Agree? Disagree? Mildly or vehemently? Let me know in the comments below.

Comments

Popular posts from this blog

We live in a twilight world.

Tenet (2020)
(SPOILERS) I’ve endured a fair few confusingly-executed action sequences in movies – more than enough, actually – but I don’t think I’ve previously had the odd experience of being on the edge of my seat during one while simultaneously failing to understand its objectives and how those objectives are being attempted. Which happened a few times during Tenet. If I stroll over to the Wiki page and read the plot synopsis, it is fairly explicable (fairly) but as a first dive into this Christopher Nolan film, I frequently found it, if not impenetrable, then most definitely opaque.

She was addicted to Tums for a while.

Marriage Story (2019)
(SPOILERS) I don’t tend to fall heavily for Noah Baumbach fare. He’s undoubtedly a distinctive voice – even if his collaborations with Wes Anderson are the least of that director’s efforts – but his devotion to an exclusive, rarefied New York bubble becomes ever more off-putting with each new project. And ever more identifiable as being a lesser chronicler of the city’s privileged quirks than his now disinherited forbear Woody Allen, who at his peak mastered a balancing act between the insightful, hilarious and self-effacing. Marriage Story finds Baumbach going yet again where Woody went before, this time brushing up against the director’s Ingmar Bergman fixation.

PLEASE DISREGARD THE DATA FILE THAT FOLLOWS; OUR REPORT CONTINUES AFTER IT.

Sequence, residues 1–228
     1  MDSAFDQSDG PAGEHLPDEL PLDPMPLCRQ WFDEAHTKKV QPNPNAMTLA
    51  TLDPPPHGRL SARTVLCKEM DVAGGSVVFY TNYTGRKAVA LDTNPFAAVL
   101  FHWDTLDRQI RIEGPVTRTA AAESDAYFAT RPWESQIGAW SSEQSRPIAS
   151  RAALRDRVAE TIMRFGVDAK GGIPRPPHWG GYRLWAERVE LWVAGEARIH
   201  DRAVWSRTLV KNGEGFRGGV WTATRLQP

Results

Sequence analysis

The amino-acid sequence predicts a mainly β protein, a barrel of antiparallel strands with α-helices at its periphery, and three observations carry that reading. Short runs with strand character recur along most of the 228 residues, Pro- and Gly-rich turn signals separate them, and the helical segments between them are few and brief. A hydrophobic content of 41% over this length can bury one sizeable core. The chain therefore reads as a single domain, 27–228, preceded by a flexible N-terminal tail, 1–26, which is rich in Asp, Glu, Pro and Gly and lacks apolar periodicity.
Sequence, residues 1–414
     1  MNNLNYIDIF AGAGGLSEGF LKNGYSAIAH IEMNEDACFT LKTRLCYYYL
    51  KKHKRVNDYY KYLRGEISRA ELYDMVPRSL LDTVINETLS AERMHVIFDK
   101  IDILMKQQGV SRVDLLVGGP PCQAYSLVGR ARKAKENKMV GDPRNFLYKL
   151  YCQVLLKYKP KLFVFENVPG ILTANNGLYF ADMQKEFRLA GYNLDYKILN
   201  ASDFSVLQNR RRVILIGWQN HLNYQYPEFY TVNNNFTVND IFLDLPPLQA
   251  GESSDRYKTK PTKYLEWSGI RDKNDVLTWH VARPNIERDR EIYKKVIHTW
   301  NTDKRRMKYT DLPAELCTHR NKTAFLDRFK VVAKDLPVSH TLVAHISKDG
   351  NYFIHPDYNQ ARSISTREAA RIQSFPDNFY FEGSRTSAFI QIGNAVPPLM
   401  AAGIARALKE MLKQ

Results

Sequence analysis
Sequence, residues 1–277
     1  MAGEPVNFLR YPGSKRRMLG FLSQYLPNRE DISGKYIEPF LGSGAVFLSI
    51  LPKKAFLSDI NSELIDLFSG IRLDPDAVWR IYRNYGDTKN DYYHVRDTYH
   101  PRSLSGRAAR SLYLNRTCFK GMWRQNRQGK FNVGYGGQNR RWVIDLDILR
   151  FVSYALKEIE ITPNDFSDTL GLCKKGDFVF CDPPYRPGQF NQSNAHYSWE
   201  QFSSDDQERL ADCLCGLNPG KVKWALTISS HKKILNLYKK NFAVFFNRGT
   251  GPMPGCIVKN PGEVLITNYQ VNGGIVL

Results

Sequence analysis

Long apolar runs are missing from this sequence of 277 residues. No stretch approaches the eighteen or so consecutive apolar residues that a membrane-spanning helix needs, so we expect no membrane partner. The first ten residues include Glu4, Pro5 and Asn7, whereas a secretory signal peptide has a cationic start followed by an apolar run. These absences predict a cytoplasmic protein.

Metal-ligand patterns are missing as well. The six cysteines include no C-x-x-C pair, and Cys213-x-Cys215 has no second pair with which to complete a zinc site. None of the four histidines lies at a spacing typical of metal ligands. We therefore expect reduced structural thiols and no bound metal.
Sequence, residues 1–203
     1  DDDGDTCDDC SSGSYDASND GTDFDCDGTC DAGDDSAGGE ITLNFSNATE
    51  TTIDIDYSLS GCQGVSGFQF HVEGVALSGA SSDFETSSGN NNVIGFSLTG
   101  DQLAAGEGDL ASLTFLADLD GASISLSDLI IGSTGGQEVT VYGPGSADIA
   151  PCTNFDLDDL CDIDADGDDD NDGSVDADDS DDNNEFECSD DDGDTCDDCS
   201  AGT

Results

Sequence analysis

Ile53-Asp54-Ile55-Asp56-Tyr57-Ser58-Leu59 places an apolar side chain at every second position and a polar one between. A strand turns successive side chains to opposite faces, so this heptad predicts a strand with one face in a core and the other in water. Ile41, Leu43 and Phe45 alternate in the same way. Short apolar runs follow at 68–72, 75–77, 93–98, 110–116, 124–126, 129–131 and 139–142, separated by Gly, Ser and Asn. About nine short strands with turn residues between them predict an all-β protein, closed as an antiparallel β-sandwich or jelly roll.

You can’t climb a ladder, no. But you can skip like a goat into a bar.

Juno and the Paycock (1930)
(SPOILERS) Hitchcock’s second sound feature. Such was the lustre of this technological advance that a wordy play was picked. By Sean O’Casey, upon whom Hitchcock based the prophet of doom at the end of The Birds. Juno and the Paycock, set in 1922 during the Irish Civil War, begins as a broad comedy of domestic manners, but by the end has descended into full-blown Greek (or Catholic) tragedy. As such, it’s an uneven but still watchable affair, even if Hitch does nothing to disguise its stage origins.

Anything can happen in Little Storping. Anything at all.

The Avengers 2.22: Murdersville
Brian Clemens' witty take on village life gone bad is one of the highlights of the fifth season. Inspired by Bad Day at Black Rock, one wonders how much Murdersville's premise of unsettling impulses lurking beneath an idyllic surface were set to influence both Straw Dogs and The Wicker Mana few years later (one could also suggest it premeditates the brand of backwoods horrors soon to be found in American cinema from the likes of Wes Craven and Tobe Hooper).